Spectrum: Interactive Media & Online Developer News 28 October 2002
Reported, written and edited by David Duberman
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Today's Headlines (details below)
FEATURE GAMES REVIEW
--Wild Arms 3 & Sly Cooper and the Thievius Raccoonus
--askSam Updates Web Publisher
--Badia Releases QuarkXPress Plug-ins
--Intrinsic Updates Alchemy GameDev Platform --NXN alienbrain 6.0 Ships With New CodeWarrior Plug-In --New Nutshell Book Explores JXTA
--InstallShield Upgrades DemoShield
--Gefen Updates Sound Effects Search Software --Pulse Launches Interactive Content Solution --New Hitachi 17" LCD Features Improved Response Times
--MojoWorld 2.0 Product Line Complete
--Toon Boom, Plazmic Partner for Wireless 2D Animation --MultiGen-Paradigm Ships Vega Prime v1.1 --Spinwave.com Offers Subscription for Graphic Compression Tools --3Dlabs Launches Wildcat4 AGP 8x
GAMES PEOPLE PLAY
--Midway Launches 3D Defender Remake
--Activision Ships X-Men: Next Dimension --Gamecube Hunter: The Reckoning Goes Gold
FEATURE GAMES REVIEW
The Dawn of the Cel-Shaded Era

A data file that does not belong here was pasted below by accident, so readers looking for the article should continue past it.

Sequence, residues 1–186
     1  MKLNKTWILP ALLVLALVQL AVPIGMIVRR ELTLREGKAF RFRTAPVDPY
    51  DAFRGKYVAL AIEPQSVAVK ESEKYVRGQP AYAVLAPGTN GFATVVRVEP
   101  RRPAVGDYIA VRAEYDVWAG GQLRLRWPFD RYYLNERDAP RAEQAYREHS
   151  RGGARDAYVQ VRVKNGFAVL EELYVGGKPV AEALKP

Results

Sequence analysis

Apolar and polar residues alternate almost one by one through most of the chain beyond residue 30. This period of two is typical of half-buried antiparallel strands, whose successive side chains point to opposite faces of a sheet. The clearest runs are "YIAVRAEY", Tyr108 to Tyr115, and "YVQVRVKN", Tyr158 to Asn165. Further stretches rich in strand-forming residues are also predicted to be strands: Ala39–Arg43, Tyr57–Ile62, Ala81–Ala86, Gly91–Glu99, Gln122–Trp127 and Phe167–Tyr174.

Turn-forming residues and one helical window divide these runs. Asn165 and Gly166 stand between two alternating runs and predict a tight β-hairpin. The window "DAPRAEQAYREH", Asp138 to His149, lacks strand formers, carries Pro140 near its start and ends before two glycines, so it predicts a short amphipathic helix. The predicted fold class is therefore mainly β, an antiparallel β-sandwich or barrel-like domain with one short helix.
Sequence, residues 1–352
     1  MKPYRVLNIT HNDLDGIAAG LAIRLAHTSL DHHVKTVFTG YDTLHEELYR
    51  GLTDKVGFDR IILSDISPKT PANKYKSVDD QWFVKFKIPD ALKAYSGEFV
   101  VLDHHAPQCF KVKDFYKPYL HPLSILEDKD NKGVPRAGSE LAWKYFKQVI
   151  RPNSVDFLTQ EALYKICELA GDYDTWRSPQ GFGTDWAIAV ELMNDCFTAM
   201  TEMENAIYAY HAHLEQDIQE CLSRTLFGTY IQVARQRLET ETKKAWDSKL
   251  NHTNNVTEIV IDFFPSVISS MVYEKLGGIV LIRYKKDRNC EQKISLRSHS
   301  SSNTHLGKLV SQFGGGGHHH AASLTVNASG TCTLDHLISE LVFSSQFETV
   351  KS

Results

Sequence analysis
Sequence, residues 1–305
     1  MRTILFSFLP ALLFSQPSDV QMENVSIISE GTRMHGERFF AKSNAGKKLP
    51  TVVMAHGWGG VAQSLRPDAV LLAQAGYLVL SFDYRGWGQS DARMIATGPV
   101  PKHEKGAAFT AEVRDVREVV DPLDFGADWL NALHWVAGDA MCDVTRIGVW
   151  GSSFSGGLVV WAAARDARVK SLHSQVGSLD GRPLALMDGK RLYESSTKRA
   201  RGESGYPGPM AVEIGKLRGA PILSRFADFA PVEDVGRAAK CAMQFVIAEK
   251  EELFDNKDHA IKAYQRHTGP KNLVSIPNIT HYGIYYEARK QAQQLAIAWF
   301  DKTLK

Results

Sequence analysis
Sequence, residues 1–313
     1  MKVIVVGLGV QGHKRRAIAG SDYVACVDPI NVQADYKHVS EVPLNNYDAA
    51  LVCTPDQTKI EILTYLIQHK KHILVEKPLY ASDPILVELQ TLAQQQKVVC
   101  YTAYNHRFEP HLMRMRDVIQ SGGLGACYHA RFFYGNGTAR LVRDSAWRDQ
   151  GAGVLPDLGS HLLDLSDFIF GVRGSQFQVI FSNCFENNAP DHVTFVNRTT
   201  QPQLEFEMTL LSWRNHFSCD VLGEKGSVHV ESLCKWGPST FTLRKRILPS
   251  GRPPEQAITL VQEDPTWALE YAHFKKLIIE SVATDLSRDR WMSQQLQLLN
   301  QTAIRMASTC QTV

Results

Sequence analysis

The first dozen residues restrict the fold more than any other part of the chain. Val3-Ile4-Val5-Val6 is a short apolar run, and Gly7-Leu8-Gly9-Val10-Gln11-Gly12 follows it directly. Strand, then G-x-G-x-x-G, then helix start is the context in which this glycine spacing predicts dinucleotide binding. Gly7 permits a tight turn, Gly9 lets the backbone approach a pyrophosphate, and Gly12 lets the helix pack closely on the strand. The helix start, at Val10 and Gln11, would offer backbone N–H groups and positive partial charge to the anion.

By David Duberman
For some time now we've been hearing about a new generation of cel-shaded games. At its most extreme, the cel shading rendering method, applied to 3D data, looks a lot like traditional hand-drawn animation; it's a relatively flat look in which objects are outlined in black and their surfaces have two levels of shading: shaded and lit. Going by the early screen shots of the next Zelda game from Nintendo--the first for its Gamecube platform--Link and friends will sport this level of cel shading. Less radically different in their looks are two recent PS2 titles from Sony Computer Entertainment America. Sly Cooper and the Thievius Raccoonus, developed by Sucker Punch Productions, and Wild Arms 3, from Japanese developer Media Vision, both sport a similar, moderate cel shading, which lends distinction to the graphics without sacrificing three-dimensionality. It's implemented in a particularly pleasing way in Wild Arms 3, with its glorious palette of Western-style tones.